Early poems in the collection center on Anne's childhood, giving the reader a sense of how Anne came to be the remarkable progressive woman she was. Many of these poems spotlight the close and nurturing relationship between Anne and her father, Reverend Francis Marbury, who was himself a radical socially as well as in the church. He did not think education was wasted on a female and schooled Anne regularly in reading, writing, arithmetic and liturgy. Marbury disagreed with the harsher practices of the Church of England and was put on trial for his dissention, the result of which cost him his parish. After that time, his concentration on Anne's education became even more vehement. In the poem "Daughter of a Dissenter," Anne claims herself her "father's dearest scholar":
see how he leads me through deep waters.
Denied his parish, my father ravishes me
with argument of fiercest precision,
chapter and verse correctly quoted.
Not only is her father sharpening her wits, but he is also giving her as extensive a knowledge of scripture as his own. After Marbury's death, the grieving Anne continues her serious study of scripture, as much a way of keeping her father close in her heart as having a relationship with God.
Later, at age twenty-one, Anne marries successful merchant William Hutchinson and together they have more than a dozen children, though not all survive to adulthood. After the death of two daughters from plague, Anne and William follow Joseph Cotton to the colonies and settle in Massachusetts Bay. In the poem "Unpleasant Weeks Aboard the Griffin," Schott imagines for us how Anne's independent thinking got her in trouble as early as the crossing over:
We hear Sermons every day. Yesterday,
one Reverend Symmes spoke contrary
to what I know. This morning on deck,
I raise the point. He takes it amiss
I am rebuked
Upon arrival, Schott imagines that Mr. Cotton himself rebukes Anne as well, warning her to hold her tongue. Anne's first opinion upon seeing New England is, "The uncobbled streets look shabby and mean."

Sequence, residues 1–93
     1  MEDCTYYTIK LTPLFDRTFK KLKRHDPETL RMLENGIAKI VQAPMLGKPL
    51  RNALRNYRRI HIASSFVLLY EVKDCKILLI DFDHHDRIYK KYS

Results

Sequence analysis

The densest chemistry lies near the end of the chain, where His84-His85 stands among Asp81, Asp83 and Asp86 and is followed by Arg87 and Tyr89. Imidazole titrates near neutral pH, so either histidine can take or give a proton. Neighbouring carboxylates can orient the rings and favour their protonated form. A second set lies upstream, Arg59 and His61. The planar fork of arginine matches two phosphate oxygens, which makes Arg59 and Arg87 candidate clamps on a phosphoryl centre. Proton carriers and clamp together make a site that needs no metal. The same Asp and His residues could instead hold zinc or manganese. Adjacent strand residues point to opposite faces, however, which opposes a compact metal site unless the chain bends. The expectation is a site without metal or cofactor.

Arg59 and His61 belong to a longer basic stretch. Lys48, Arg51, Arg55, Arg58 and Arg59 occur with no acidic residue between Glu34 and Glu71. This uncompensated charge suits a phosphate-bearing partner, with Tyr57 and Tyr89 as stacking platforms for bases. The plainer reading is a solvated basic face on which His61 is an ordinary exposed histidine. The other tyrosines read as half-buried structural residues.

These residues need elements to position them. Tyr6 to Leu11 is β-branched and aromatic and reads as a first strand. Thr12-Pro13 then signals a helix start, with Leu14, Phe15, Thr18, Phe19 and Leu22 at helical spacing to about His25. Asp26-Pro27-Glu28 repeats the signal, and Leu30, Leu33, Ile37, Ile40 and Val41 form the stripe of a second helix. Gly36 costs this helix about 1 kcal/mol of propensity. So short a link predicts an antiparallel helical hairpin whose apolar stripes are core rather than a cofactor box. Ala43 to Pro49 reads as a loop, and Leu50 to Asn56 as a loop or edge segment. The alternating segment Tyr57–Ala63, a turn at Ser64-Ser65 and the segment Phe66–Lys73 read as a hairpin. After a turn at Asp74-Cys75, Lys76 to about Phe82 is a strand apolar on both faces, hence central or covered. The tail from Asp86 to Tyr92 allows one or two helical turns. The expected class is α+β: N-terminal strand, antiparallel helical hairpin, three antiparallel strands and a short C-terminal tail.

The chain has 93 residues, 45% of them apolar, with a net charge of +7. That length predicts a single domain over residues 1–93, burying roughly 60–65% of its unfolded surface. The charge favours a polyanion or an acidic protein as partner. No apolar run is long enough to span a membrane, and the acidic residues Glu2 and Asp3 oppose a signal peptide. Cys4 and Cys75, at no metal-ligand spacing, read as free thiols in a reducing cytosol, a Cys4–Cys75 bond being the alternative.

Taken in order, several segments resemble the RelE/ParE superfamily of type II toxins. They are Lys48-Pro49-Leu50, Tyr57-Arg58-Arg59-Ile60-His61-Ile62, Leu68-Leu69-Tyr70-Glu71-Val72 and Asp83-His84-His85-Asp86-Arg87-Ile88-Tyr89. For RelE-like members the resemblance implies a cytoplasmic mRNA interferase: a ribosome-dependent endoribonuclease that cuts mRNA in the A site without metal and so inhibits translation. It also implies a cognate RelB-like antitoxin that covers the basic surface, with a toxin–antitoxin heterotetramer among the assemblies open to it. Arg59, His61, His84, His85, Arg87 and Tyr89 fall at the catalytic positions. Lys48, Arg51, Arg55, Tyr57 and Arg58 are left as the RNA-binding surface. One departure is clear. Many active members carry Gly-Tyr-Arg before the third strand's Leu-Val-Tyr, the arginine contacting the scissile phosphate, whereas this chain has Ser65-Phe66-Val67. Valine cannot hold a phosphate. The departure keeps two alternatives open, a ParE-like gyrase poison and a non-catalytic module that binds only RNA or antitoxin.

Anne begins having scripture meetings in her home for the women of the colony. Men start attending these as well, and the number of attendees swells to rival that of church service itself. The leaders of church and state of the colony become incensed. Anne is interrogated in her home, her family members and friends are harassed, and eventually she is imprisoned and put on a series of trials. In addition to being called a dangerous instrument of the devil, she is accused of vanity, of thinking too much of her own mind. Schott's rendering of Anne's voice is acutely evocative in the poem, "Regret at Night," recording her thoughts during incarceration.
Does the rain regret falling?
Or Christ undo His covenant with me?
First, above all, I must guard my soul.
But how to care for my young children?
At this late hour, I hunger to touch them.
The result of the trials and Anne's refusal to recant or confess transgression is her banishment from the colony. Anne's husband, a staunch supporter of his wife, makes a new home for them in Rhode Island. Six years later, William dies at the age of 56. Still pursued by Governor Winthrop of Massachusetts, who continues to ask her to admit guilt, and fearing the Bay Colony may take over Rhode Island, Anne flees with her children. They settle in the Dutch colony north of New Amsterdam. But all is not well there, as is foreshadowed in the poem, "I have Quit Rhode Island."
It is quiet, so quiet, that the man whom I hired
to build us this house said he was scared
of eyes that hide in the woods.
Within the year, Anne's house is attacked by natives and burns to the ground with her and her family inside. Only a daughter, Susannah, survives because she is taken and raised by the natives. The book ends as it began, with poems in the voice of this daughter, remembering her mother. Here are some poignant lines from "What Susannah Can Remember Later."
unmoving in the doorway and prayed aloud.
Welcome me, Christ, for I am saved.
Her hair caught. In the gleam of the flames
she became as beautiful as a shooting star.
Penelope Scambly Schott achieves great mastery in A is for Anne by breathing life into one of history's most influential, important, and under-sung heroines. Anne Hutchinson, for whom a statue was erected in front of the Boston State House in 1922, and for whom a parkway in New York state is named, occupies little more than a line or two of print in the most inclusive classroom texts. Here, finally, she is revealed to the readers, a woman of flesh and bone we can relate to, a woman devoutly spiritual, and of uncommonly rational and resolute mind. This is a tale of authorities' misguided efforts and false pride that has reverberations for our modern times. If only all of history could be rendered with this much humanity, perhaps we would learn not to repeat our past egregious errors of judgment.